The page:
2 Feb 2014

It's so quiet here...

…because I’m doing a lot of weekend coding at the moment. I basically caught the github bug over the holidays:


I’ve been playing around with C++11, python, Vagrant, puppet and chef recently:


  • I like: move semantics, for (:), variadic template arguments, std::atomic, std::thread, std::chrono, possibly std::function and std::bind (haven’t played around with these yet)
  • (still) not a big fan of: auto, std containers, exceptions, rtti, shared_ptr, make_shared
  • thread_local vs __thread vs __declspec(thread) is still a mess across Clang/OSX, GCC and VisualStudio
  • the recent crazy-talk about integrating a 2D drawing API into the C++ standard gives me the shivers, what a terrible, terrible idea!


  • best choice/replacement for command-line scripts and asset tools (all major 3D modelling/animation tools are python-scriptable)
  • performance of the standard python interpreter is disappointing, and making something complex like FBX SDK work in alternative Python compilers is difficult or impossible

Vagrant plus Puppet or Chef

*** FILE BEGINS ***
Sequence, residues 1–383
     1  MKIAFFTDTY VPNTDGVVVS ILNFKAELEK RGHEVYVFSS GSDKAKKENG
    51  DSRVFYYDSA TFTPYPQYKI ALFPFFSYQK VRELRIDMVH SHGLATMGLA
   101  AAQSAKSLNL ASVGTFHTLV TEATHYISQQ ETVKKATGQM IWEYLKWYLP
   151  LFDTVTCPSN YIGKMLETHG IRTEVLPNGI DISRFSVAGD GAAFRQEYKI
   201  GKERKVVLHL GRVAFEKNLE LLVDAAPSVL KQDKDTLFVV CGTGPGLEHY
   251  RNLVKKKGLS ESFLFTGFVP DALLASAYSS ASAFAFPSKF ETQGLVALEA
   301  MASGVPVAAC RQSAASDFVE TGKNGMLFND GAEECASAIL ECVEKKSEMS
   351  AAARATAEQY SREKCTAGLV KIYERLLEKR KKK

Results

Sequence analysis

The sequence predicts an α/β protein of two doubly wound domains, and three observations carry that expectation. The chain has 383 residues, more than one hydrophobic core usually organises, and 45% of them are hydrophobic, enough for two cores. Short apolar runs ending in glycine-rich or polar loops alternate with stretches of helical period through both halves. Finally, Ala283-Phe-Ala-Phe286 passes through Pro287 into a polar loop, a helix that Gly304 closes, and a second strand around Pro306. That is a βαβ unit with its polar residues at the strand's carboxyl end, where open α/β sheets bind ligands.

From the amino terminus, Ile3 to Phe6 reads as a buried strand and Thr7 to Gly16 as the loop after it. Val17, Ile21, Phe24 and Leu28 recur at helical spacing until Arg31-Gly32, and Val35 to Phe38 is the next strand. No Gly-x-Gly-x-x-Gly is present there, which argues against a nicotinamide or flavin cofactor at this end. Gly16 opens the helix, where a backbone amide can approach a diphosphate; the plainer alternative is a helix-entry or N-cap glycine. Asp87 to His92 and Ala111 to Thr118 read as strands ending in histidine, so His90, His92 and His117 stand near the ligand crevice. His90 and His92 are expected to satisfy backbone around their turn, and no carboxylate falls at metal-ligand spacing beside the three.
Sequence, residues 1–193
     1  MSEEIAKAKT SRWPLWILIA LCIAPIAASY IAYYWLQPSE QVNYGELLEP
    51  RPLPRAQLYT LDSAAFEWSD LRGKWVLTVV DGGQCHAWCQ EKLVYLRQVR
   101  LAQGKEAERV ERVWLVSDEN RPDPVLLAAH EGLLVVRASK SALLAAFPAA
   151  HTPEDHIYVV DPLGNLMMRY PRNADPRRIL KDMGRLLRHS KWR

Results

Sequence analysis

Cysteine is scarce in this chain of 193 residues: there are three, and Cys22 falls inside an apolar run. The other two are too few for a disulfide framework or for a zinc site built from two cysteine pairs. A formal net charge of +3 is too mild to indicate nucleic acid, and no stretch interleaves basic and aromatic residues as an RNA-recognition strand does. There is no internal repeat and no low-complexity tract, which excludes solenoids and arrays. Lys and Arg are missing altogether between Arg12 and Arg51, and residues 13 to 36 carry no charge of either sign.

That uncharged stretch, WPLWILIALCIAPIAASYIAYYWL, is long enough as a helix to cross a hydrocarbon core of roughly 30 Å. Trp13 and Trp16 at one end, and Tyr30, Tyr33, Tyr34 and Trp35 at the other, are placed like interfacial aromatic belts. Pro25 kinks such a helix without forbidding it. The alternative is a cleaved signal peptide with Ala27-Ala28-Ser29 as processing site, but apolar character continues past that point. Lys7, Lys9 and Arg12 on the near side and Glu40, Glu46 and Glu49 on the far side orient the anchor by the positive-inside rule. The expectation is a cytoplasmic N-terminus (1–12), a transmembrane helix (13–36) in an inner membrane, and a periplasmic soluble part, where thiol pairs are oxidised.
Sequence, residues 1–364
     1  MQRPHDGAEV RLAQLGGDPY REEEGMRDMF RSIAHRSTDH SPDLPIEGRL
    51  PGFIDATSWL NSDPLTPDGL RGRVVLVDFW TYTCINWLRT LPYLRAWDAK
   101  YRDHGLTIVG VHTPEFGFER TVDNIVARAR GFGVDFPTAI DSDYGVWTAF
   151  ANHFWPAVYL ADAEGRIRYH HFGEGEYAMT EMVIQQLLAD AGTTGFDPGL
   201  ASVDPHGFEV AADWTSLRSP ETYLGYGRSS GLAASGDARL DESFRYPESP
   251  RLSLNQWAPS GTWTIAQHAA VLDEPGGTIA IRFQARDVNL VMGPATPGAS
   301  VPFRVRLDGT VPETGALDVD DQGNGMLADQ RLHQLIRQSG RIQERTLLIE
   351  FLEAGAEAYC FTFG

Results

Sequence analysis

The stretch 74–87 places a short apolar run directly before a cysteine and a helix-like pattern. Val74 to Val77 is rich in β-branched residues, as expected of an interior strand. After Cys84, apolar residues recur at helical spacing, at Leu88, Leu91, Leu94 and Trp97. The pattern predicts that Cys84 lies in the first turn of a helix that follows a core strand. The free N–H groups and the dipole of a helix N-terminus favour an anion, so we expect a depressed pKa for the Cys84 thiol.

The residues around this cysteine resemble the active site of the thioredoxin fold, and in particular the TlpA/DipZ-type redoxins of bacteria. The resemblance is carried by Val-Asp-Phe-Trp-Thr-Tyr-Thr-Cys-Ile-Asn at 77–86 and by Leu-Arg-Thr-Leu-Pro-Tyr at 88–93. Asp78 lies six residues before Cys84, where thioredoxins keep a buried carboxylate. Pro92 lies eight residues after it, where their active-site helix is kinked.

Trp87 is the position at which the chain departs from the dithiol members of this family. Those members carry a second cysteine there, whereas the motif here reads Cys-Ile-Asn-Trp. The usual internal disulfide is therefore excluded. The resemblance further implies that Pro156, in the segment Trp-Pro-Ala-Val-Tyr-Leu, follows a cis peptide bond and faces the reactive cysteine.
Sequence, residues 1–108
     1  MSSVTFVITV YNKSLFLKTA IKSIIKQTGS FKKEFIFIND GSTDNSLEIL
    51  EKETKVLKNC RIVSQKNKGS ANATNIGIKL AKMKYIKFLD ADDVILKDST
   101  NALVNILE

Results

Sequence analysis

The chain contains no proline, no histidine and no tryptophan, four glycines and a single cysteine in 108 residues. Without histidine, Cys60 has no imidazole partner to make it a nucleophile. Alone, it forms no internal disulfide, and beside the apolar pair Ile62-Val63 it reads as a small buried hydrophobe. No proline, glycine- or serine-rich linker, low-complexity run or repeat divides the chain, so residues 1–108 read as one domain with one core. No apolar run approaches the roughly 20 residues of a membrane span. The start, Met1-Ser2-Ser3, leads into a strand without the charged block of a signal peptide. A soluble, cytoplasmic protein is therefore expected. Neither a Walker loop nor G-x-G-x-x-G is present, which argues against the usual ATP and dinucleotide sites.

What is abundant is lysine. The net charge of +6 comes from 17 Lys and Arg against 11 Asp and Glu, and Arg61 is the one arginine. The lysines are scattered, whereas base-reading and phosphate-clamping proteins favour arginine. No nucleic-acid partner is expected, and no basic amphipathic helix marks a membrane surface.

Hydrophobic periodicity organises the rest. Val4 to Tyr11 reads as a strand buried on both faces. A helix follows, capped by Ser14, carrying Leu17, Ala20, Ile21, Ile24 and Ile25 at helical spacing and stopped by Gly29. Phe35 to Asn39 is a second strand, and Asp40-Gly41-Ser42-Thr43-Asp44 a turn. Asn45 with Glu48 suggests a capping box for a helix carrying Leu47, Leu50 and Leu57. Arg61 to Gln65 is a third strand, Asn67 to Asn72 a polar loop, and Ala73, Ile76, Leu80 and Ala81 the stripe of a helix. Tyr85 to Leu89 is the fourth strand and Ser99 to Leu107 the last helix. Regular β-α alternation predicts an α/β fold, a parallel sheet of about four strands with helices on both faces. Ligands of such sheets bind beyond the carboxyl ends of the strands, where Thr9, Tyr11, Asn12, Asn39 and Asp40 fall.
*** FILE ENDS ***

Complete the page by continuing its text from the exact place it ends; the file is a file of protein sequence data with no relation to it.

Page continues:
• Vagrant is extremely cool for having an isolated cross-compilation Linux VM for emscripten and PNaCl, instead of writing a readme with all the steps required to get a working build machine, you can simply check-in a Vagrantfile into the versioning system repository, and other programmers simply do a ‘vagrant up’ and have a VM which ‘just works’
  • the slow performance of shared directories on VirtualBox requires some silly workarounds, supposedly this is better with VMWare Fusion, but haven’t tried yet
  • Puppet vs Chef are like Coke vs Pepsi for such simple “stand-alone” use-cases. Chef seems to be more difficult to get into, but I think in the end it is more rewarding when trying to “scale up”

Written with StackEdit.


valoh said...

Try auto, it's taking some getting used to but it is really useful and makes refactoring way easier. And when working with a good IDE it always show you the concrete type.

make_shared/shared_ptr: when needing refcounting it definitely comes in handy.

std::function/std::bind and lambdas are very cool. lambdas have its problems which will hopefully fixed with c++14. Still already really useful.

In-class member initializers are also very nice...

Andre Weissflog said...

Yes, it may be its personal preference, but I prefer the build to break if types change because of refactoring ;) Maybe I'll change my mind when working more with it.

Larry said...

Tried puppet and chef in December and settled for ansible, much easier to work with and scales pretty well

Larry said...
This comment has been removed by the author.